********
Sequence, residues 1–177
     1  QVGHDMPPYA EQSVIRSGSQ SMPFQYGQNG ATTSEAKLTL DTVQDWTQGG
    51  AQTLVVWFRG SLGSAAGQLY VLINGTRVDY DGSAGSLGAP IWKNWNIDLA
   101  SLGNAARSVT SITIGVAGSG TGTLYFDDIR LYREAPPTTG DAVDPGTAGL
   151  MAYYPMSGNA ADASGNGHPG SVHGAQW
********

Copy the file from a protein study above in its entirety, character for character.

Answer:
Sequence, residues 1–177
     1  QVGHDMPPYA EQSVIRSGSQ SMPFQYGQNG ATTSEAKLTL DTVQDWTQGG
    51  AQTLVVWFRG SLGSAAGQLY VLINGTRVDY DGSAGSLGAP IWKNWNIDLA
   101  SLGNAARSVT SITIGVAGSG TGTLYFDDIR LYREAPPTTG DAVDPGTAGL
   151  MAYYPMSGNA ADASGNGHPG SVHGAQW